The Naymote Partners for Democratic Development, and Institute for Research and Democratic Development are deeply concerned about the decision-making skills and insincerity of the Liberian Legislature, which should be considered as the fulcrum of Liberia’s democracy; given its constitutional responsibilities to enact laws, represent citizens’ interests and oversee executive policy implementation and performance.
The Liberia legislature recently passed into law, “An Act to Amend Section 1 of an Act Fixing Day for the Annual Adjournment of the Legislature of the Republic of Liberia.” And to establish in lieu thereof “An Act Setting the Calendar of Adjournment for the Legislature.”
According to the Act, there will be three adjournment and recess periods (also known as constituency visit/break). “The first constituency visit/break shall commence on the third Friday of March of each year and end on the second Friday of May of each year; the second constituency visit/break shall commence on the third Friday of July of each year and end on the third Friday of October of each year.”
While the third constituency visit/break shall commence on the second Friday of December of each year and end on Friday immediately preceding the second working Monday of January of each year to satisfy the new Public Financial Management (PFM) Law who set the budget year from January 1 to December 30 (replacing July 1 to June 30).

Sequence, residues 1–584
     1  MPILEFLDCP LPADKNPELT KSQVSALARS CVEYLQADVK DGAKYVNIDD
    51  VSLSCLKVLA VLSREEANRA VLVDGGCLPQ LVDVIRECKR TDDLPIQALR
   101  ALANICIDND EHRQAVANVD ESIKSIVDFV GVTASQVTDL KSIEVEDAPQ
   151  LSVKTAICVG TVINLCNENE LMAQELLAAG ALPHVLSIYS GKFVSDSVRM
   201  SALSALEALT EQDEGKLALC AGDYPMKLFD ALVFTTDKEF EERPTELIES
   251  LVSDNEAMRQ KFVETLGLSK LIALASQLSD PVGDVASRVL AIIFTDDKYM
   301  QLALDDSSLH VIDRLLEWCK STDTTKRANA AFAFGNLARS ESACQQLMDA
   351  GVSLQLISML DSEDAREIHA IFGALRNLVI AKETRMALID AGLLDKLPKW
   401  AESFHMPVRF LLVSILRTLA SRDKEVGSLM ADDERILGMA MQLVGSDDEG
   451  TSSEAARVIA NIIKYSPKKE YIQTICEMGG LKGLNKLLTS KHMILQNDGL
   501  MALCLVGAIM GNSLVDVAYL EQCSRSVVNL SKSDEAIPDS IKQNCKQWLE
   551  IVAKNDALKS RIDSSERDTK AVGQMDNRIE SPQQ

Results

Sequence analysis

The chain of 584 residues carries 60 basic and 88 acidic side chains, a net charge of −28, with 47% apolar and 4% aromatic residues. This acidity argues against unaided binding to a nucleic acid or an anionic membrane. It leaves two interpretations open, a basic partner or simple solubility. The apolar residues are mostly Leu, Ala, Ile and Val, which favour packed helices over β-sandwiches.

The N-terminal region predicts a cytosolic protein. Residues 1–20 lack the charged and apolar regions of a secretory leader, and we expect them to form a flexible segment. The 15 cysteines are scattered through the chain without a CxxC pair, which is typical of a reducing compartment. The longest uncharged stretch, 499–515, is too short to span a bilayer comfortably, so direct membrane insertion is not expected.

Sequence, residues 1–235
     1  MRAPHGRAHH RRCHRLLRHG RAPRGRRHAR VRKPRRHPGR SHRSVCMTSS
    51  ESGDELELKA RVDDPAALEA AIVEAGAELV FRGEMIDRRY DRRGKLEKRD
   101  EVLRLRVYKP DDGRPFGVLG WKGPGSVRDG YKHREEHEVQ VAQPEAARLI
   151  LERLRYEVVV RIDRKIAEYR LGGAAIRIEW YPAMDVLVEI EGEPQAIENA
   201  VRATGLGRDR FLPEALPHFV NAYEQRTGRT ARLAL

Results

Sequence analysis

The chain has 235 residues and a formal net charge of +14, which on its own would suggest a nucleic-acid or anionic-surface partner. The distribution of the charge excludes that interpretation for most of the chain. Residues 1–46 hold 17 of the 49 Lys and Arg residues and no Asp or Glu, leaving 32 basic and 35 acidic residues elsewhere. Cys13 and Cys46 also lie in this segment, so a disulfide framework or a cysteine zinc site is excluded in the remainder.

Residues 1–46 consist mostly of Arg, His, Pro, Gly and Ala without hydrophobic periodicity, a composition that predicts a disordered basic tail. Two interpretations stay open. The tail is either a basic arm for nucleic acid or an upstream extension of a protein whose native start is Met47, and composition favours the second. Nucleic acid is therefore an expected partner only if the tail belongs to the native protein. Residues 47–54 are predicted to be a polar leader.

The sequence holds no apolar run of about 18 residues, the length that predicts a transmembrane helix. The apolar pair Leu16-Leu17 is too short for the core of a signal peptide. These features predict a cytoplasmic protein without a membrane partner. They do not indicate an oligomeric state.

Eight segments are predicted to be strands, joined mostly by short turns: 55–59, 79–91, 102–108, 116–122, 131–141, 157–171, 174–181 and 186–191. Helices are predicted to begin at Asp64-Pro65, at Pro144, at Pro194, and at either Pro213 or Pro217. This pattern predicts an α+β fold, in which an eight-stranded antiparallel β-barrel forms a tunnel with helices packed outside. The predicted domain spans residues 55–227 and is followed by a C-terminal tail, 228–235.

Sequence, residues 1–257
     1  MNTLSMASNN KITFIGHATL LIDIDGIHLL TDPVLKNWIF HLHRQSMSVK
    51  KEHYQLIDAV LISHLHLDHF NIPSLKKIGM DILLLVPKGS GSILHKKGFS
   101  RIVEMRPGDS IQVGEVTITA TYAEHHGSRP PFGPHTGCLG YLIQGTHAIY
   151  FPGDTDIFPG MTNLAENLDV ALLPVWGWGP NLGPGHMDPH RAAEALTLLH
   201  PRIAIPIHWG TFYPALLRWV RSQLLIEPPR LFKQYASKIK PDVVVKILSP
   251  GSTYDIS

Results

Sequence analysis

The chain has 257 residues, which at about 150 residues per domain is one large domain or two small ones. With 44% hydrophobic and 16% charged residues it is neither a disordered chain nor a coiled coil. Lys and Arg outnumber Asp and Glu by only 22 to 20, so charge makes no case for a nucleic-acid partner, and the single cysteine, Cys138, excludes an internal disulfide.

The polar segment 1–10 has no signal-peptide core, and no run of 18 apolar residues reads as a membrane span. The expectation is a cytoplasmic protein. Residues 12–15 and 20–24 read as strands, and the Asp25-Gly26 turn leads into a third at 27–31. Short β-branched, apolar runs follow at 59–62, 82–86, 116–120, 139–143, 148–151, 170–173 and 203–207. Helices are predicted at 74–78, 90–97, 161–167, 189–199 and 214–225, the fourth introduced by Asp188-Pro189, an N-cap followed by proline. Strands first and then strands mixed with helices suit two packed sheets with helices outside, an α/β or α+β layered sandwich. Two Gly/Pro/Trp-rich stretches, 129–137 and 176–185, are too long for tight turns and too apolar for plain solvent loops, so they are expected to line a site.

These new schedules of THREE Adjournments in a single calendar year, unfortunately, violate Liberia’s Constitution under Article 32 (a) of the Liberian Constitution of 1986 which states ‘The Legislature shall assemble in regular session once a year on the second working Monday in January’.
While lawmakers are paid to work for 12 months, with these new changes, they will work for 6 months every year. Sadly, this will undermine the governance process, and we, therefore, call for reconsideration of these changes.
The Legislature cannot do what the constitution didn’t mandate them to do until it’s done through a constitutional referendum. It has been noticed that members of the legislature have taken upon themselves to regularly violate the Liberian Constitution based on self-interest, changing electoral dates, postponing national census, and their total lack of accountability and responsiveness to the Liberian people.
Poor leadership has engulfed the Legislature, heralding themselves into champions of bad governance.
To date, there are no voting records of lawmakers, no website to monitor or track members’ activities, and coupled with their inherent failure to audit what is considered the nation’s “First Branch of Government.” It has become imperative to remind Liberians of some of these national vices that led to the country’s fratricidal civil upheavals, where thousands were brutally maimed and killed.
It is time for the Liberian legislature to ensure adequate representation, oversight, and lawmaking to improve governance and strengthen better leadership through prudent decision-making, instead of undermining the constitution for their self-aggrandizements.